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Amanda

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Advice needed BADLY [Dec. 13th, 2006|06:18 pm]
Amanda
[Current Mood |confusedtorn]

I have a very important question for you all. Any advice would be extremely appreciated because I'm literally torn between two major, major choices about my future.

I'm seriously considering becoming a Biology Teacher Certification major. The more I think about it the more it makes sense, because it will guarantee me a good job teaching Biology (as I've always wanted to do), and it could open the door later for me to become a professor. There is also a huuuge demand for science and math teachers and Kean's offering a full scholarship to those wishing to do it. Kean's also the best education school in the state and so since I'm already going to school here, why shouldn't I?

It's starting to sound like a really attractive idea. So now I must decide between these two options:
1) Changing my major from General Biology to Biology Teaching Cert.
All the courses I've completed for General Bio are also needed in that program, so it would be easy to transfer them. There are also a lot more night classes offered which would allow me to work more. I'd also have that scholarship. However, doing this would mean that I'd graduate with no other option than to teach. That kinda makes me nervous.

2)Doing a double major in General Bio AND Bio Teaching Cert.
The two majors only have 15 classes different from each other. The first two years' requirements are identical. That's really not bad in the long run. However, it would take two more years to graduate with this double major. I'd be more qualified, have more options, and it would be worth it (especially with a scholarship) but that's sure a long time. Though, I may add, I'd probably graduate around the same time as Ari.

See why I'm torn? Please tell me what you would do in such a situation and you'll forever hold my gratitude.
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Comments:
[User Picture]From: glacier_kitty
2006-12-13 11:22 pm (UTC)
If you can still become a teacher from the second choice, I'd say that one. That way you'd have more options
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[User Picture]From: raven89
2006-12-14 12:29 am (UTC)
I'd chose the double major in General Bio + Bio Teaching Cert if I were you. Theres no doubt you could do it and while it would take longer, nothing in this world worth it comes easily eh? : ) And you'll definetly have more options, which is always a plus. Not to mention graduating around the same time as Ari would probably come in very handy for you, I'm talking in terms of housing and financialy?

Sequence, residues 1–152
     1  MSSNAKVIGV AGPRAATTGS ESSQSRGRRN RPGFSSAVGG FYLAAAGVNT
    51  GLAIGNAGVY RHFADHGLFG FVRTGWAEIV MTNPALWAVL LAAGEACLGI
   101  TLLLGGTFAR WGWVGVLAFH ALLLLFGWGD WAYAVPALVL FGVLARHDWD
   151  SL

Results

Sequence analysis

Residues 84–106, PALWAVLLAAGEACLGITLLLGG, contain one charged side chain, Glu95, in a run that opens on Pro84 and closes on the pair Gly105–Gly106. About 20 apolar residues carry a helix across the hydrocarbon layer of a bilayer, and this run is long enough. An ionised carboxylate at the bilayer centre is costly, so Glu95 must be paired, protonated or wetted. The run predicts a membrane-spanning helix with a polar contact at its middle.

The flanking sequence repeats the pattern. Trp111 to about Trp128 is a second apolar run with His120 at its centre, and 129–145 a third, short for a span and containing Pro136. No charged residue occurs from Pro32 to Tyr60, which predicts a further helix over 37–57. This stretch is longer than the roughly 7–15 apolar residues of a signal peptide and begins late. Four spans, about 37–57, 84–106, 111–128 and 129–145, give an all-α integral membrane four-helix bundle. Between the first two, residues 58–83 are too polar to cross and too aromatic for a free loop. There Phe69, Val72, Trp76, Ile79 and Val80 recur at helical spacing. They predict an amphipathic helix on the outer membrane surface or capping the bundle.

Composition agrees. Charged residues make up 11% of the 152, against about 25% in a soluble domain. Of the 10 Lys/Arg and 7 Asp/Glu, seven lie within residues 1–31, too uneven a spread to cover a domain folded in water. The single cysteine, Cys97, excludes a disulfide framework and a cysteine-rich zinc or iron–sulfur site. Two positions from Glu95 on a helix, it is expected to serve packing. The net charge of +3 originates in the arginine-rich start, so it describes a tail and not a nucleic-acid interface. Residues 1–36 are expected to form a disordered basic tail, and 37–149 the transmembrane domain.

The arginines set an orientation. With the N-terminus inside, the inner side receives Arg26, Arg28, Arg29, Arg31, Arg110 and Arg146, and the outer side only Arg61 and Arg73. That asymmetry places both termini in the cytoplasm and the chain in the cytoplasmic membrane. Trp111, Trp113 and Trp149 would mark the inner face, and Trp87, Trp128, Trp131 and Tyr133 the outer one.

Just my little input anyway :) Whatever you decide I'm sure will be the best for you.
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[User Picture]From: palmer_kun
2006-12-14 12:37 am (UTC)
Take the single. If you really want to teach, the Gen. major will honestly just be extra baggage in the end, and won't get you anything above and beyond what your teaching cert will.

Some people thrive on double majors. Most people hate them and regret it. Sure, it's nice and shiny when it's done, but be prepared to have no life while doing so.

It's not like you can't go back later and get your gen bio if you really want it.
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[User Picture]From: allichaton
2006-12-14 02:42 am (UTC)
I would go with the double major, because it would make me feel secure. And I tend to live by one of my mom's tenets: "Don't eliminate any options".
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[User Picture]From: tetrakatus
2006-12-14 07:15 am (UTC)
I'm going to bed tonight, so I'm not really reading all of your journal. But we need more good teachers in this world.... So I hope you do pursue that, and yes, I have lots of advice, that I'll pour out soon. You can determine which you want to keep.
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[User Picture]From: arkiewriter
2006-12-14 02:58 pm (UTC)
If you are comfortable with a heavy workload and *enjoy* school, the double major might be a good option.

Also, the teaching cert has enough biology to it that you might still have other options - like the Park Service (US or State) because they often don't get enough applicants with *any* bio qualifications (esp. at the state levels).